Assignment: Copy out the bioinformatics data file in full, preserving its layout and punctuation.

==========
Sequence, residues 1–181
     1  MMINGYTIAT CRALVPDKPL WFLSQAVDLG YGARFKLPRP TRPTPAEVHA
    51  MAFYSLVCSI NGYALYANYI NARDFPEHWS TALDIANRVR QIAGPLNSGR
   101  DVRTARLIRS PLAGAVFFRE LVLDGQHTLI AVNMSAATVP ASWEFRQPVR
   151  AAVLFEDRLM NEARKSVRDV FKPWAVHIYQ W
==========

Sequence, residues 1–181
     1  MMINGYTIAT CRALVPDKPL WFLSQAVDLG YGARFKLPRP TRPTPAEVHA
    51  MAFYSLVCSI NGYALYANYI NARDFPEHWS TALDIANRVR QIAGPLNSGR
   101  DVRTARLIRS PLAGAVFFRE LVLDGQHTLI AVNMSAATVP ASWEFRQPVR
   151  AAVLFEDRLM NEARKSVRDV FKPWAVHIYQ W